The Cold War Museum® is a 501(c)(3) charitable organization dedicated to education, preservation, and research on the global, ideological, and political confrontations between East and West from the end of World War II to the dissolution of the Soviet Union. The Museum is seeking to:
o Provide donors, staff, directors, and others the platform, chronology, and artifacts they need to educate about the Cold War;
o Recognize and honor the work of those who served professionally in Cold War activities; and
o Use the Museum's exhibits and eye-witness accounts to teach future generations, via Cold War history, about how intelligence informs American foreign policy, diplomacy, and military action.
Hours: Saturdays 11 AM-4 PM, Sundays 1-4 PM, and by appointment. Admission and the orientation tour during the public hours are free, but we welcome donations; there is a modest per-person fee for private tours by arrangement.
Location and Directions: The Museum is located at Vint Hill, the former Top Secret signals intelligence base just outside Gainesville, VA, in one of the former Vint Hill Farms Station buildings used during the Cold War by the US Army, the National Security Agency, and the Central Intelligence Agency to intercept and interpret coded messages. Our Street Address is 7172 Lineweaver Road, Vint Hill, VA 20187 (next to the Vint Hill Craft Winery). Our Mailing Address is P.O. Box 861526, Vint Hill, VA 20187.
Artifacts: Our collections are particularly strong with unusual artifacts in signals intelligence, image intelligence, aerial surveillance, civil defense, Berlin, the East German secret police (STASI), the Cuban Missile Crisis, and events such as the Pueblo and Liberty incidents.
Staff: Our tour and collections staff include people with direct and extensive experience in Cold War intelligence and military communities. When you visit, the real people explain the real artifacts.
Attractions: The Museum shares a campus with The Inn at Vint Hill, the Vint Hill Craft Winery, the Covert Café, and Old Bust Head Brewing Company.
For more information about the Museum and the Cold War, visit our website: www.coldwar.org.
The Real People Explaining the Real Things
Here are some testimonials from YELP:
The fellas that work here are true patriots. This is like walking into a couple dozen episodes of The History Channel all in one building.
Not sure how my wife found out about this museum in the first place but we stopped by on a Sunday afternoon for a visit. They are only open on the weekends which works for me. No admission fee but donations welcome.
They have fantastic Cold War artifacts on two floors of an old renovated barn. It was a hot day but their air conditioning was on high encouraging us to linger longer (which we did). Highlights for us were the numerous stories about the history of Vint Hill Farm and significant historical events of the Cold War, their vast collection of uniforms and all the old electronics from the 60s.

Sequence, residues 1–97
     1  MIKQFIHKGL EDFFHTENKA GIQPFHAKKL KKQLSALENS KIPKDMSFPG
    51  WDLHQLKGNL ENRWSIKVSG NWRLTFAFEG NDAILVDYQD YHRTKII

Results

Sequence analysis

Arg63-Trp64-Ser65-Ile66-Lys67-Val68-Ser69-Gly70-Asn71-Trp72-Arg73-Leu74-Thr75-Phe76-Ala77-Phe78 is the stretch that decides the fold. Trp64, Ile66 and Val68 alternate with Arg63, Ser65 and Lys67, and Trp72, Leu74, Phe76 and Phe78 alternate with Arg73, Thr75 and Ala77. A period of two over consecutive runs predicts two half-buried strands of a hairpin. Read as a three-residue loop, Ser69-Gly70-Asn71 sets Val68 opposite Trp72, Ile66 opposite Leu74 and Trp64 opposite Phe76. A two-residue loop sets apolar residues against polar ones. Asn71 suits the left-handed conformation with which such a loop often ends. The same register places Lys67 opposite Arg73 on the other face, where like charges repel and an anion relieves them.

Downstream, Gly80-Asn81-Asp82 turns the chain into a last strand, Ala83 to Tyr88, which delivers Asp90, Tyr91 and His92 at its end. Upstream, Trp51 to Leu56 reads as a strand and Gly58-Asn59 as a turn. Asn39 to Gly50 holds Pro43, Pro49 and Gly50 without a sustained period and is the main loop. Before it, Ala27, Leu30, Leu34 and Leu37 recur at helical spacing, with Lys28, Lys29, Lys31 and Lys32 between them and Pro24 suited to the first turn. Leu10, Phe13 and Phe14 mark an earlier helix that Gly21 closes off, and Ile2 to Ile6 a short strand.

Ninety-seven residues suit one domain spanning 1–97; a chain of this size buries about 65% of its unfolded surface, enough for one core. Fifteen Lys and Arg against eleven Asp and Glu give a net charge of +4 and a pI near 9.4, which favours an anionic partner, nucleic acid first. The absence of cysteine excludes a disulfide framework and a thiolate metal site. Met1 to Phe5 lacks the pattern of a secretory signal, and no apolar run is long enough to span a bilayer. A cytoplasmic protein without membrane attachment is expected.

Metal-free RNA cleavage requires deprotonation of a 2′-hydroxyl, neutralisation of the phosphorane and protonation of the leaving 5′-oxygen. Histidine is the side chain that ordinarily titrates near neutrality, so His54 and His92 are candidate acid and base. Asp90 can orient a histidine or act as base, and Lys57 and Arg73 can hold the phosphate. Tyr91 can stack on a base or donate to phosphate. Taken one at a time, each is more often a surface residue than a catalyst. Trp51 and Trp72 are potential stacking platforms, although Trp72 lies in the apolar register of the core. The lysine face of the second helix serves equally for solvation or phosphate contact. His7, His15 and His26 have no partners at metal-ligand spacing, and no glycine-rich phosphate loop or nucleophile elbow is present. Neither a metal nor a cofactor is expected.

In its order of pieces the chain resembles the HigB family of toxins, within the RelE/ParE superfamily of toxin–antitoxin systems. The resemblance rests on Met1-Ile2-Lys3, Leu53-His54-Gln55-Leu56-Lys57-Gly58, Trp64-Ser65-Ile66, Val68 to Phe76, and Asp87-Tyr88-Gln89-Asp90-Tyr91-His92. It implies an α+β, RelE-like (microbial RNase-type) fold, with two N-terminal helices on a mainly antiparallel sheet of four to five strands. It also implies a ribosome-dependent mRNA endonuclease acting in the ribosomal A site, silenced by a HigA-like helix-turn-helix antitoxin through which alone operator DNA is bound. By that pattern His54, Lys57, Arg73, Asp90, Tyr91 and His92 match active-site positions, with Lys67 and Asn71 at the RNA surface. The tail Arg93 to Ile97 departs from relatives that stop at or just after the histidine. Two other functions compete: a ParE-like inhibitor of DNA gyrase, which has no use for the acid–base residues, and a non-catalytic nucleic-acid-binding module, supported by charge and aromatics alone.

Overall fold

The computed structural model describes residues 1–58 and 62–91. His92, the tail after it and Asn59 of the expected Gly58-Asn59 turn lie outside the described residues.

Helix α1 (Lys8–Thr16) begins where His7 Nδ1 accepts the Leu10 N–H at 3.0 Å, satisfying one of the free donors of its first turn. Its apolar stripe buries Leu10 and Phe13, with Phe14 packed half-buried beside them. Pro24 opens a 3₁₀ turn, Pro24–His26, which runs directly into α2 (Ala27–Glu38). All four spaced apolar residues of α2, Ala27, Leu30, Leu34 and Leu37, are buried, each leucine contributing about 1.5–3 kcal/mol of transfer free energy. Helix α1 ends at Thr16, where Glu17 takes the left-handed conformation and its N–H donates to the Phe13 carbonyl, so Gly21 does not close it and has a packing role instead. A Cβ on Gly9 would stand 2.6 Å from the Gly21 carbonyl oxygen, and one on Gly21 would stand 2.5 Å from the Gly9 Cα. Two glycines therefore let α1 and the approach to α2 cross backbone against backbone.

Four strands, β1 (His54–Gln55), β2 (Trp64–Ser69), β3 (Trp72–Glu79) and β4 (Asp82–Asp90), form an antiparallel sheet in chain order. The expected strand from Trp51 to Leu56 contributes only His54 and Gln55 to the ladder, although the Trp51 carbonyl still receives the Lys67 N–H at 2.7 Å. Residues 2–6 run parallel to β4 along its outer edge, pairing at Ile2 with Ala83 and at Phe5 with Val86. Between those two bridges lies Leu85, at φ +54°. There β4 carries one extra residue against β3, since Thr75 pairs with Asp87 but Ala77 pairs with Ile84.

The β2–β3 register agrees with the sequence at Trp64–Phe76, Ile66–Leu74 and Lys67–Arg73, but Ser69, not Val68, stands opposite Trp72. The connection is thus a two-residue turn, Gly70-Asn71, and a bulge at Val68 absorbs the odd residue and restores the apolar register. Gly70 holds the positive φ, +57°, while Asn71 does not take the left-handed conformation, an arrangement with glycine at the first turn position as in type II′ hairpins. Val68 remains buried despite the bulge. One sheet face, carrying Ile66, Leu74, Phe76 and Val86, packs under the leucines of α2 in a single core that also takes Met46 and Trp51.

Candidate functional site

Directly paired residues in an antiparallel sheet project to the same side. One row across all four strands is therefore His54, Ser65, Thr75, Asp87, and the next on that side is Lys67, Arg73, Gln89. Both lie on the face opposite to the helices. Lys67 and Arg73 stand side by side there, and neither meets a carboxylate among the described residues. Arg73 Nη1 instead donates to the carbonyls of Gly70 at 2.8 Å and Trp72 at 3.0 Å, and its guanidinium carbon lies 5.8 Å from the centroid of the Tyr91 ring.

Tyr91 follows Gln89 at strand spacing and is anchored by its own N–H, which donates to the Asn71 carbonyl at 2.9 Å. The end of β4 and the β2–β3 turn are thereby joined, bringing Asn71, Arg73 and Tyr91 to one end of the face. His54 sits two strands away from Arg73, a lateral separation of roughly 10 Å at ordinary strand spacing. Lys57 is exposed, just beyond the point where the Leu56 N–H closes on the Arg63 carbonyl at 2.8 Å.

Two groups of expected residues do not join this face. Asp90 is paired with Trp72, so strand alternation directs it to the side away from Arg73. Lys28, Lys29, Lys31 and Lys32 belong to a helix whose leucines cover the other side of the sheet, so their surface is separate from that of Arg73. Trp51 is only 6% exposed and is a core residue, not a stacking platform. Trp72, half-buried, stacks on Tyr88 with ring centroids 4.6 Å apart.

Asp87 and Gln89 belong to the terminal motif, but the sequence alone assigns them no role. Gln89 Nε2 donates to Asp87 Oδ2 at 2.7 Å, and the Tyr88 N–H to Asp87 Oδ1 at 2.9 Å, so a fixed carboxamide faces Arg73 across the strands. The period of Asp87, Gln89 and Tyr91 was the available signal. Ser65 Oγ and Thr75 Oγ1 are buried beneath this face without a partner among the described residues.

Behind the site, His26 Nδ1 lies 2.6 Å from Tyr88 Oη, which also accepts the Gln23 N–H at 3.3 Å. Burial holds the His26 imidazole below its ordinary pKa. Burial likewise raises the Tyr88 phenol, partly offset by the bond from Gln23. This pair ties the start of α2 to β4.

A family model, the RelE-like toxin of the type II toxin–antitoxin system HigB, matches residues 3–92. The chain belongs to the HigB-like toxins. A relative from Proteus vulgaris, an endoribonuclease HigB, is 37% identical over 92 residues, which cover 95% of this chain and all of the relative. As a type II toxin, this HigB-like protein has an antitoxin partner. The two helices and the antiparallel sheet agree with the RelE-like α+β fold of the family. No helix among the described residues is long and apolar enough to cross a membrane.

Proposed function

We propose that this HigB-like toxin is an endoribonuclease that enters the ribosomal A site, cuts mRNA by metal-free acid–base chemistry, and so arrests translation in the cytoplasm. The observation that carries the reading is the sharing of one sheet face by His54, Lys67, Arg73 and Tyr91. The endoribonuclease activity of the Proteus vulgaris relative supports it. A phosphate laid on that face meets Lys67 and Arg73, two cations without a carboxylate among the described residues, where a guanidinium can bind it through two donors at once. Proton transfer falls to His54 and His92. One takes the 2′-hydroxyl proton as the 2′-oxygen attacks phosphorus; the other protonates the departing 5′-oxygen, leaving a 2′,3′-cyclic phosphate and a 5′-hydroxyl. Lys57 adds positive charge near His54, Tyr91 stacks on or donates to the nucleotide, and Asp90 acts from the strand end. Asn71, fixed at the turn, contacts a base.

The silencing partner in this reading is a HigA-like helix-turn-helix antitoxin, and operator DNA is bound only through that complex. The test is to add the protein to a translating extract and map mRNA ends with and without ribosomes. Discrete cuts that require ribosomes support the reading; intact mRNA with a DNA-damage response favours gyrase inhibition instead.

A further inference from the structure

The folks working there are super friendly and like to talk about their museum and its contents. Going in I thought we would be through it in 15 minutes but we spent over an hour in there. With a nearby winery and brewery one can easily make it part of an entire afternoon out.
I recently became aware of the existence of The Cold War Museum. It's located over in the Vint Hill complex, appropriately and ironically - part of the old Vint Hill military facility that housed a listening post for DoD and three letter Intel agencies during World War II and the Cold War era.
It's not a large facility, but it is packed to the gills with interesting exhibits and information. They are open on the weekends for visits and tours. You can also schedule appointments for tours at other times of the week.
The gentleman conducting our tour was a treasure trove of information and he related some interesting stories based on his own personal experiences in the military during the Korean War.
The museum is an old renovated barn structure with two floors. The tour covered the Atomic bomb testing in the Nevada dessert, interesting facts about Area 51, declassified CIA programs and documents, UFO's, the Cuban missile crisis, and Korean and Vietnam War stuff.
They have a ton of exhibits from uniforms from various foreign military and intel agencies from eras gone by, artwork, posters, equipment, and a lot more!
Admittance to the museum is free, but they request that folks sign a sign in sheet and make a donation. I donated $20.00. The tour and museum was well worth it! Very interesting and educational. I will probably need to come back to absorb and digest more of it!
Bay St Louis, MS
I was only able to spend about an hour here. I had a plane to catch. I will definitely return for the full tour. The docent (his name escapes me now) was full of fascinating information. It started out with the origins of the location, much earlier than the cold war. So, do not let the name mislead you, it is much more than Cold War items and topic. Definitely a must see if you are in the area.